Government of Canada invests $23 million in pediatric cancer research

News release

New federal funding is the largest investment in childhood cancer research in Canada to date

January 18, 2023 – Toronto, Ontario – Canadian Institutes of Health Research

Cancer is the leading cause of death from disease in children and adolescents in Canada. Approximately 10,000 children are living with cancer in this country and 1,500 more are diagnosed every year. That is why, in Budget 2021, the Government of Canada provided new funding for pediatric cancer research that will lead to better outcomes and longer, healthier lives for young cancer patients.

Today, Adam van Koeverden, Parliamentary Secretary to the Minister of Health and the Minister of Sport, and Pam Damoff, Parliamentary Secretary to the Minister of Public Safety, announced, on behalf of the Honourable Jean-Yves Duclos, Minister of Health, $23 million in funding from the Canadian Institutes of Health Research (CIHR) to establish the Canadian Pediatric Cancer Consortium (CPCC). This represents the largest investment in childhood cancer research in Canada to date. The Consortium will be led by Dr. David Malkin and Dr. Jim Whitlock at The Hospital for Sick Children (SickKids) in Toronto and Pediatric Cancer Advocate Adrienne Co-Dyre in London, Ontario.

The CPCC’s vision is for every child in Canada with cancer to have access to the latest scientific advances, diagnostic tools, therapies, and supportive care to help support better outcomes and a better quality of life. It will do this by strengthening research, health supports, and clinical expertise in pediatric cancers through the creation of a national network of clinicians, researchers, community of practice caregivers, patients and their families. By the end of the two-year funding period, the CPCC will have a framework on which to build and enable Canadian-led early phase clinical trials, faster access for patients to innovative technologies, therapies and care, a collaborative approach to education and training, and a robust network of national and international partnerships.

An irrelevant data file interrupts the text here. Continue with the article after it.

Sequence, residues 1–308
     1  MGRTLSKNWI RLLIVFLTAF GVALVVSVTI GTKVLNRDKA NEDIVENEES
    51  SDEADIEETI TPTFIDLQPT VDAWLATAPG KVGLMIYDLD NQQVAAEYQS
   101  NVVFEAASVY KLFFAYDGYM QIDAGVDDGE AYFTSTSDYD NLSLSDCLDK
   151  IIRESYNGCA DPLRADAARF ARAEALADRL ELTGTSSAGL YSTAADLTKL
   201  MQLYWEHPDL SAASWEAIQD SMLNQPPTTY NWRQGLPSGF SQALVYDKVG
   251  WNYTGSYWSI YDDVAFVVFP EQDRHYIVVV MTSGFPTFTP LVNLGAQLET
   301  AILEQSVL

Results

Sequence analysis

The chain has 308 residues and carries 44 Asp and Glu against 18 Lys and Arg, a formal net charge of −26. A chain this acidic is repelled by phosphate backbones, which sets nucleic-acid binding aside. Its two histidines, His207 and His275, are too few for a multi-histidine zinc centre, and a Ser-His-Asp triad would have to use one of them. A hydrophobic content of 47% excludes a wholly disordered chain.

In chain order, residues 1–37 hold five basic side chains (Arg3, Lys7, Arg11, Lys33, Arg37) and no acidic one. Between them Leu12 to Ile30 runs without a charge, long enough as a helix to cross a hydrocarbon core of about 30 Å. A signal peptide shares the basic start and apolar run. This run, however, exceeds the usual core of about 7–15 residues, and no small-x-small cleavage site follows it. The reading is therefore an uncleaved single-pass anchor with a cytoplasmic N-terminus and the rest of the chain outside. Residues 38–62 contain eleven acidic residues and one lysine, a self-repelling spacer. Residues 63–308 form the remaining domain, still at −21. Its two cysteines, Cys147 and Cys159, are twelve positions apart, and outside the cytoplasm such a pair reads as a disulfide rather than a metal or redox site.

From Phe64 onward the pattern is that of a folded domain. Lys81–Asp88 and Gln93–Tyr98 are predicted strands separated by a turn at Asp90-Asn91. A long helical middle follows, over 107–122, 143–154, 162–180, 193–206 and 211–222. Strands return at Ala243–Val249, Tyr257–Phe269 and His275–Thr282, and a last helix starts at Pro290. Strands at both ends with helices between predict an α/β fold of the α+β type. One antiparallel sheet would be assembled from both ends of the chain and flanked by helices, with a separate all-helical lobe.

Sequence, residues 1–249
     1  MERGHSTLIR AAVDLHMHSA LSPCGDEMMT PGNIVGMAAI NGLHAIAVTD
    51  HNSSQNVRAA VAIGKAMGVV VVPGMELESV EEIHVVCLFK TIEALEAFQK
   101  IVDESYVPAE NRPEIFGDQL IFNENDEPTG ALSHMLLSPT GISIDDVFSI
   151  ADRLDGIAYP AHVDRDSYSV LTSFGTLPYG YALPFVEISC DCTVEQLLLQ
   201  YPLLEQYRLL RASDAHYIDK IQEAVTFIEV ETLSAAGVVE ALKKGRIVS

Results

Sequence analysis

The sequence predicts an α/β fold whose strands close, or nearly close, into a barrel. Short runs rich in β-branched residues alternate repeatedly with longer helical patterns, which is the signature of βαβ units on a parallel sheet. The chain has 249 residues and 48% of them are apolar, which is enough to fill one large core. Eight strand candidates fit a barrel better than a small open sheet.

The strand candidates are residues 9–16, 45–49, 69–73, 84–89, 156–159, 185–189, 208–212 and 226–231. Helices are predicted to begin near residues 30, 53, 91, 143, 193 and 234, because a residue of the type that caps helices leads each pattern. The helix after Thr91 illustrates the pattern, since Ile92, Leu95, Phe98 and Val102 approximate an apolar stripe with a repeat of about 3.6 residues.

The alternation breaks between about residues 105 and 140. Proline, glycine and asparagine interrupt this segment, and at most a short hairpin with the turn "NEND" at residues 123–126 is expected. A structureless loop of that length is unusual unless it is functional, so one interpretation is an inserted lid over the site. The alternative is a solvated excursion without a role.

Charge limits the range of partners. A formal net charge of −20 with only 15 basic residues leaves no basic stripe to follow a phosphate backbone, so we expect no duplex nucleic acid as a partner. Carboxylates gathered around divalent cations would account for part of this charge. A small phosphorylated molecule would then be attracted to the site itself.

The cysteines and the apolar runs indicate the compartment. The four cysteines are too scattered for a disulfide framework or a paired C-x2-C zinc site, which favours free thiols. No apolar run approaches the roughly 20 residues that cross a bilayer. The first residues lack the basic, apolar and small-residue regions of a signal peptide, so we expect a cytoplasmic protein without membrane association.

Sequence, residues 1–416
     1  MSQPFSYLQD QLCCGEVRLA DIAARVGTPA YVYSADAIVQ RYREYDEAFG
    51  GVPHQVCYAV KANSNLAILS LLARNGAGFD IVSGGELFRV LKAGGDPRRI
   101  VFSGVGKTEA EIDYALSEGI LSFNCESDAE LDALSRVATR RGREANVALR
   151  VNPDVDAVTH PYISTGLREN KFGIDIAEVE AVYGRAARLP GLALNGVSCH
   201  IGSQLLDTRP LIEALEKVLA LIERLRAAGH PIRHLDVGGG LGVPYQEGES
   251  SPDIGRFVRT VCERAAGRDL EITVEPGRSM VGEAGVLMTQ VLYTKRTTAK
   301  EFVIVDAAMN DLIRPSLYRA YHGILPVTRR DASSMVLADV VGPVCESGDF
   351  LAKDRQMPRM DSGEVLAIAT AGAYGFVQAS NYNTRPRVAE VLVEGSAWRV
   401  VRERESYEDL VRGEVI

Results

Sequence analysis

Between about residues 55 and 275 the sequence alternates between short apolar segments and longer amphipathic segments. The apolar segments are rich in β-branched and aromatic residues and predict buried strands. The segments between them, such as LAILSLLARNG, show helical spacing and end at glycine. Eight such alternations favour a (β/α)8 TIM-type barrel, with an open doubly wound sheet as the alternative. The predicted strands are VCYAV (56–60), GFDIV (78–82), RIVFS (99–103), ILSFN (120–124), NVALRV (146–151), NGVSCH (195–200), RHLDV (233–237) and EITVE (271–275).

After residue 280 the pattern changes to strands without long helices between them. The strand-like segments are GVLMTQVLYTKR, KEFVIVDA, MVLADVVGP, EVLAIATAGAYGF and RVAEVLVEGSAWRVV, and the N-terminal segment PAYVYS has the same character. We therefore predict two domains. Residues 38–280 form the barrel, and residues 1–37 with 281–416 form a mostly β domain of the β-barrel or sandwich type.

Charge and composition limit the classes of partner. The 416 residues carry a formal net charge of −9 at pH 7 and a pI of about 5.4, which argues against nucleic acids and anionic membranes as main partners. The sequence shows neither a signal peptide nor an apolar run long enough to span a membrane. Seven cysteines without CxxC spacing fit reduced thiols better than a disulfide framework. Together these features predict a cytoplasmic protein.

“Dedicated funding for childhood cancer research is important because pediatric cancers cannot be treated like adult cancers. Young cancer patients deserve the best that science has to offer to help them live longer and healthier lives. Supporting the Canadian Pediatric Cancer Consortium and the work it will do will help us find new and better treatments so children who have cancer can grow, thrive, and lead productive lives.”

The Honourable Jean-Yves Duclos
Minister of Health

“Congratulations to Dr. David Malkin, Dr. Jim Whitlock, Adrienne Co-Dyre, and all the researchers, clinicians, patients, families, and partners who will be part of this remarkable initiative. This Consortium will harness the strengths of the pediatric cancer community across the country and lead us to new treatments and better outcomes for children with cancer and their families.”

Adam van Koeverden
Parliamentary Secretary to the Minister of Health and the Minister of Sport